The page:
Borderless Droughts Confronted by Hydraulic Efficiency

In the town of Meoqui, about 80 miles southeast of Chihuahua City, WWF hydrologist Dr. J. Alfredo Rodriguez-Pineda meets three men near a park above the river channel. Large schools of wild tilapia swim just below the surface.

For several years, Rodriguez has worked with collective irrigation unit farmers in the Mexican state of Chihuahua to help them more efficiently use water pulled from rivers and streams. As climate change brings about longer periods of severe drought, it becomes more important than ever that water used in irrigation be used as efficiently as possible. In this desert state, that means better management of 90 percent of the water.

Throughout Mexico, there are more than 40,000 collective irrigation units that use earthen channels and pumps to pull water from the river. The flood irrigation method commonly used wastes a lot of water, and with dirt channels, the water advances slowly and much is lost to evaporation.

Recognizing this, Rodriguez began working to improve the process. Today, he works with 13 irrigation units consisting of more than 1,000 farmers working 7,410 acres.

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Martin Parga was an agricultural engineer working for the municipality of Meoqui when Rodriguez hired him to work with the irrigation units on monitoring water flow. Parga also recruited farmers to join the irrigation units.

"I had to organize them, one by one," Parga said in an interview in Spanish.

Rodriguez has partnered with farmers to cement irrigation ditches and install compuertas (check dams), painted bright orange, which serve to control water flow.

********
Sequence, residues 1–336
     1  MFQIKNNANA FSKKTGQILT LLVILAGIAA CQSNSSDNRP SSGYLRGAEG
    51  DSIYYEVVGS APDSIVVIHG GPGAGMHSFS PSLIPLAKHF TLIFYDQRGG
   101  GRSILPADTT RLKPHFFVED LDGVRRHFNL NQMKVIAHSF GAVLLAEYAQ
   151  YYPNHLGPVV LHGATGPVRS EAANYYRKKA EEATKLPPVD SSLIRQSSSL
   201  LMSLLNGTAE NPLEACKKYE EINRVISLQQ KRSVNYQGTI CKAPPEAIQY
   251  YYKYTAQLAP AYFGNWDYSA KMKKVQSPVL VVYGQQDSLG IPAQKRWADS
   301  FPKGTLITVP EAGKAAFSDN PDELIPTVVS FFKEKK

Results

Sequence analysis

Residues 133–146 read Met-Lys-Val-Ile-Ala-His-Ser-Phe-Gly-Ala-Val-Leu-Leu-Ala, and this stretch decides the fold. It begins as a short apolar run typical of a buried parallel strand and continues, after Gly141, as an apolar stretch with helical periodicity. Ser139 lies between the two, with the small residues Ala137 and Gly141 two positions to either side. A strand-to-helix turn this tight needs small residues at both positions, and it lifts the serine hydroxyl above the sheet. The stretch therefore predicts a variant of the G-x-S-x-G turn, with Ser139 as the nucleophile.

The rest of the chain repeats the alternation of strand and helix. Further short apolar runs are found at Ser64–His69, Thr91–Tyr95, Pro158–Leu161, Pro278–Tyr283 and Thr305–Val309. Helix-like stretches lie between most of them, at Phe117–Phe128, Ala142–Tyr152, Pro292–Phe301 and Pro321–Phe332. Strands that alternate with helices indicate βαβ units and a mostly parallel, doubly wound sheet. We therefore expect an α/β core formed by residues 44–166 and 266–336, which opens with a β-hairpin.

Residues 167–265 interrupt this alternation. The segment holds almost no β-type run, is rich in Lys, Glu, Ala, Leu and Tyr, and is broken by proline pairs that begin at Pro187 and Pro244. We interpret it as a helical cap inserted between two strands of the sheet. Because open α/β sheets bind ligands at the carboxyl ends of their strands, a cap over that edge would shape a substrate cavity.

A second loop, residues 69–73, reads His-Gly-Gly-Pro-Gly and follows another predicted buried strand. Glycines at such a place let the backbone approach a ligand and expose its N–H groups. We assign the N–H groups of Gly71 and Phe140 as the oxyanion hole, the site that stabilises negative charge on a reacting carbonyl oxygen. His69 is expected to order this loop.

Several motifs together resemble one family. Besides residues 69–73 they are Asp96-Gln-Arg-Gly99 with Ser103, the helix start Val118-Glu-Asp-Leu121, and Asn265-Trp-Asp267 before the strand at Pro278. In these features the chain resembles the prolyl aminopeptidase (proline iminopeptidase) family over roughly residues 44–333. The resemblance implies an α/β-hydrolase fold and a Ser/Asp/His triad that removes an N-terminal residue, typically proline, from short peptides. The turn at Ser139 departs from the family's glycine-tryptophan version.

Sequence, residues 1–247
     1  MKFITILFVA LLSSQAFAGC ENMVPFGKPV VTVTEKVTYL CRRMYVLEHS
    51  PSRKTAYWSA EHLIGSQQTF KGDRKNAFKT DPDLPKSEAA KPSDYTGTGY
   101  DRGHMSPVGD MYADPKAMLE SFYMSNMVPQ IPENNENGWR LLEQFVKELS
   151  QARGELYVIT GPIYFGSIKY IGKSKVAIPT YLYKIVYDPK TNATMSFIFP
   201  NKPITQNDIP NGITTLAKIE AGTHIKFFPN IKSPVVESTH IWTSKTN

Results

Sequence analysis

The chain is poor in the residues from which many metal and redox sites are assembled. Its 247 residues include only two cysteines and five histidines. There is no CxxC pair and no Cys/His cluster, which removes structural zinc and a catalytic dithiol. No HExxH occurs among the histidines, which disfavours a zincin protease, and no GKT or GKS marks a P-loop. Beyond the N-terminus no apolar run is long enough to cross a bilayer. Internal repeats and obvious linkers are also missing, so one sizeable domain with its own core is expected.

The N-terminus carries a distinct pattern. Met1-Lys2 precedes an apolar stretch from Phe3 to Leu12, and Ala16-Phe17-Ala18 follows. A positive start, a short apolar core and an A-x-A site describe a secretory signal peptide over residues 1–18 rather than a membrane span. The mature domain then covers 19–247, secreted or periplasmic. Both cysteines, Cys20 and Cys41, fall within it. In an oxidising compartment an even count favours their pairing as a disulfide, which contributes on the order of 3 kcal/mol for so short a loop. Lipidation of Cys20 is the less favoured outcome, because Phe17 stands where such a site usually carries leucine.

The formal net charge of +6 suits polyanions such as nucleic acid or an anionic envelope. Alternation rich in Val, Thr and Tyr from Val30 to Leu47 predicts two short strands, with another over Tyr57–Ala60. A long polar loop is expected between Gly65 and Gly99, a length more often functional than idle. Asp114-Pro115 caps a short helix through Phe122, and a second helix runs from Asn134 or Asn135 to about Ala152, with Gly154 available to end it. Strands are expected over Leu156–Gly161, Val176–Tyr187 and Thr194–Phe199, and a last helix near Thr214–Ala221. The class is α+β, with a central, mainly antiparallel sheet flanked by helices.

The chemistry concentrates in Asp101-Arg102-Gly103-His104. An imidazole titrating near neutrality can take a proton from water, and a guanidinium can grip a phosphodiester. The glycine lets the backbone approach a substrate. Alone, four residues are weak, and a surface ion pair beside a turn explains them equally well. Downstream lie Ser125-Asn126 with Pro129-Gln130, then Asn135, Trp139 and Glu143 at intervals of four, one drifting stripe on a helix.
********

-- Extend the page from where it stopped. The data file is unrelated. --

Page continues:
"Now we use less water, and the excess water goes back into the river channel," one farmer said.

Jose Saenz, known as Pepe, is a fourth-generation farmer. He has worked with Parga to organize other farmers, and to bring electricity to several collective irrigation units.

Electricity will allow the farmers to abandon flood irrigation and use pressurized sprinklers to water their crops. That is far more efficient, Saenz explained. "We will be able to plant double, so productivity will be doubled. Double productivity means double money."

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Many of these farmers are third generation or older, and the work being done by WWF to improve their crop production and cut water use is critical to their survival. This is especially true in cases of severe drought, such as the decade-long dry spell in the 1990s.

"The river is 150 percent over-allocated," he said. "It is now hotter and drier, so the farmers are now getting more concerned."

Rodriguez said that the water efficiency of earthen-dug channels is only 40 percent; it rises to 70 percent with concrete irrigation channels and above 90 percent with pressurized irrigation systems. With more efficient systems, farmers in the irrigation units are better prepared for a hotter, drier climate—and the inevitable next drought.